So rather than go off half-cocked — as I have admittedly been known to do — I picked up the phone and called the number posted on the sign.

After my call was passed through a series of very friendly and helpful people, I eventually ended up with the engineer in charge of the project, who told me that the delay had been caused by the need to work around some unanticipated utility lines. And that they expect to reopen the bike path next Tuesday, just in time for the Thanksgiving weekend.

And that may just be the most important change as the city moves to greater bike friendliness.

When you can not only get the engineer in charge on the phone, but actually get a genuine response and answers to your questions, something very positive is going on.

Are you listening, LADOT?


One last note.

I ran across this frightening item from the Orange County Register — at least, it should be frightening for anyone who rides behind the Orange Curtain.

Q. Sundays in Lake Forest are the worst: You have a pack of 50 to 75 cyclists riding up El Toro Road. My understanding of the bicycle law is that a bicycle must remain in the bike lane, and in the absence of a bike lane, the riders must stay as far to the right as safely possible. Instead, this pack rides four, five, six across.

– Mark Hermanson, Lake Forest

A. Perhaps Honk’s favorite county road that doesn’t include an ocean view is Live Oak Canyon Road, that windy, country ribbon of asphalt into Trabuco Canyon beneath a leafy canopy. And likely where those bikers go. And a road where cyclists have been known to at times dangerously, and selfishly, ride abreast of one another.

Yes, under state law, on a public road, riders are to be in the bike lane when they exist; so you and your pal can ride side-by-side if enough room exists. In the absence of a bike lane, in most circumstances, cyclists must stay as far right as possible, which would mean going it single file, or they face citations, Deputy Paul Villeneuve of the Sheriff’s Department’s Traffic Division kindly explained.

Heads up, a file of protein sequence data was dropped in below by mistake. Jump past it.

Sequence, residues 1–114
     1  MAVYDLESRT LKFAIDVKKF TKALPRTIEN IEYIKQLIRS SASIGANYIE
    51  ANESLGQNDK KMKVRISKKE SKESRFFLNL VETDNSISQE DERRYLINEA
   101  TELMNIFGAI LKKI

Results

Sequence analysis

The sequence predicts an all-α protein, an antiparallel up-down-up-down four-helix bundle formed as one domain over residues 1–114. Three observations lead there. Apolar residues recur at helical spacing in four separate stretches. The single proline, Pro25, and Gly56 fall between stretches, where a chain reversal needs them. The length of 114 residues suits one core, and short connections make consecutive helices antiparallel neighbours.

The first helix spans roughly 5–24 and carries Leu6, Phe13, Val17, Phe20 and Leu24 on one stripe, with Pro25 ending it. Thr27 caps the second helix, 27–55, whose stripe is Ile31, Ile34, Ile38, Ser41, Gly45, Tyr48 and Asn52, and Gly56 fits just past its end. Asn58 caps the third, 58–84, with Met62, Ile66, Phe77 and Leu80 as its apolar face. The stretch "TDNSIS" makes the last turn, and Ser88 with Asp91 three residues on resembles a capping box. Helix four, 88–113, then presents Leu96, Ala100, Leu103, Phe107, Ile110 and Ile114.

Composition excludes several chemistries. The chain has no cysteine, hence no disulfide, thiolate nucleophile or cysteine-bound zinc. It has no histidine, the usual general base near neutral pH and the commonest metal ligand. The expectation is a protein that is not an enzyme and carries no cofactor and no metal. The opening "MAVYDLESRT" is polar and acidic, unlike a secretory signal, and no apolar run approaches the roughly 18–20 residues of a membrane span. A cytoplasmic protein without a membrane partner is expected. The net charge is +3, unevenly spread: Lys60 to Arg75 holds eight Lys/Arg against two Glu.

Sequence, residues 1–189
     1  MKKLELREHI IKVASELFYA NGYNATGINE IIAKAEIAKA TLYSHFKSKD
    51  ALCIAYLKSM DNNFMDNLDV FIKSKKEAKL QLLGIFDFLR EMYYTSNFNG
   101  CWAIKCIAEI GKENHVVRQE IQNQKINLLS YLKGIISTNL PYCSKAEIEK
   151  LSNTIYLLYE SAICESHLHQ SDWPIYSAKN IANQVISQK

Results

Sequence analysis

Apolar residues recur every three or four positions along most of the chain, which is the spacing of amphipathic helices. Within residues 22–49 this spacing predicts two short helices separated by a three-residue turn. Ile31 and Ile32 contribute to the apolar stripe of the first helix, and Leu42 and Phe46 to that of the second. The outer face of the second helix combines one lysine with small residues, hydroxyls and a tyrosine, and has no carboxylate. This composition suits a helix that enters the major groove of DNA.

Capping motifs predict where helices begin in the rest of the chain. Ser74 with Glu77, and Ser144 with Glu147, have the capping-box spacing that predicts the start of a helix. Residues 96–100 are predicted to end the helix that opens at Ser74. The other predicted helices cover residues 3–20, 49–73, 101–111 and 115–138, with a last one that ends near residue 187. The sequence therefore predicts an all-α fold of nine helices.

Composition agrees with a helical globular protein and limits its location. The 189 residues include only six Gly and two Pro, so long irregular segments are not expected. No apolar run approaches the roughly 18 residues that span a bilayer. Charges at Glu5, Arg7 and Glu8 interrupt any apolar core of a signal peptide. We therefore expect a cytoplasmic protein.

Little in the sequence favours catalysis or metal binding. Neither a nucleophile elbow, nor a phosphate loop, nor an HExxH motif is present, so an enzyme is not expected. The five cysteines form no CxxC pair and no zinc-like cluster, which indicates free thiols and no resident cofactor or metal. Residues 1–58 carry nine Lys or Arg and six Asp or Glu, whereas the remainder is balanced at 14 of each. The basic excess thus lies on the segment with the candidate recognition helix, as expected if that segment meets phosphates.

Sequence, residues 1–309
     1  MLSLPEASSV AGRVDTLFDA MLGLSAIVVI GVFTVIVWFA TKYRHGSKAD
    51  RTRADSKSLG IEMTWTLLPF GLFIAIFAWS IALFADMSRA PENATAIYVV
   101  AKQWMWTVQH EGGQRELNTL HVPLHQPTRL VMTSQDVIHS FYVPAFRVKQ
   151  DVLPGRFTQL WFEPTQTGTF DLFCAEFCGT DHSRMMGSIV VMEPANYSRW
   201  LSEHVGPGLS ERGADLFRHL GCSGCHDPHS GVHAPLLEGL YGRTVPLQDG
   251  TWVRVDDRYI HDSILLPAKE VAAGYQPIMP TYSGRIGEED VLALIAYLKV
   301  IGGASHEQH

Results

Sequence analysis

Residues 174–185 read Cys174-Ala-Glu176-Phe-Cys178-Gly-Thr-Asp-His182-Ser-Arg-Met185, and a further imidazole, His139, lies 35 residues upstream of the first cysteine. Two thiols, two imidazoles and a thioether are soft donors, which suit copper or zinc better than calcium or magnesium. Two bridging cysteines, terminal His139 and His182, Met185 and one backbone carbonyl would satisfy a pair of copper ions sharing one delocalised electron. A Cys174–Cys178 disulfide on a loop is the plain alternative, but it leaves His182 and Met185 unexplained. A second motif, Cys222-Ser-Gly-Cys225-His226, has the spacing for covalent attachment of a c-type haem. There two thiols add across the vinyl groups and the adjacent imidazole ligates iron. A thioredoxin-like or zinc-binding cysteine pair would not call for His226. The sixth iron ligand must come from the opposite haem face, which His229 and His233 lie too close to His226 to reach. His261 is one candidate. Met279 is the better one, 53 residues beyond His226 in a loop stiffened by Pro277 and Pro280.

I don’t even know where to start.

As most cyclists should be aware, CVC 21202 requires cyclists to ride as far to the right as practicable — not possible — while offering a long list a exceptions allowing them to move to the left whenever appropriate.

While cyclists are required to ride in a bike lane where present, we enjoy a similarly long list of exceptions that allow the rider to exit the lane when necessary.

And there’s nothing in the California Vehicle Code that prohibits cyclists from riding two or more abreast. In fact, it’s not even mentioned anywhere in the code.

Which means that cyclists can legally ride abreast as long as they don’t impede traffic — which is defined as five or more vehicles following behind a slow moving vehicle and unable to pass; if they can pass, they’re not being impeded.

In fact, it’s often safer to ride two or more abreast when the lane is too narrow to share, in order to increase visibility and control the lane to prevent unsafe passing.

You’d think someone in law enforcement would know that.

And it’s scary as hell when they don’t.


  1. Ted, I just wrote a piece for about CVC 21202. It is scheduled for publishing tomorrow morning. I’ll shoot it to you then. David

  2. 1blue1 says:

    I took the liberty of forwarding this to OCSO and asked that they educate their deputies as to the content of CVC 21202. P ing and M ing to each other doe no good. Take it up with those who have the capability to solve the problem. Also, a little courtesy on our part would not do much harm either. How do those in the front know that the group is impeding traffic? Five abreast is unreasonable and we all know it.

  3. jericho1ne says:

    Great news about Fountain. There is no way the traffic flow on that street ever respects the speed limit. It deserves a road diet, and I’m assuming that the bike lane addition will cut the traffic lanes down to one each way.

  4. Lancaster has also developed a draft bike plan that goes to the Architecture and Design Commission, then the Planning Commission, and eventually the full City Council. There’s a 30-day review period between October 31st and November 30th.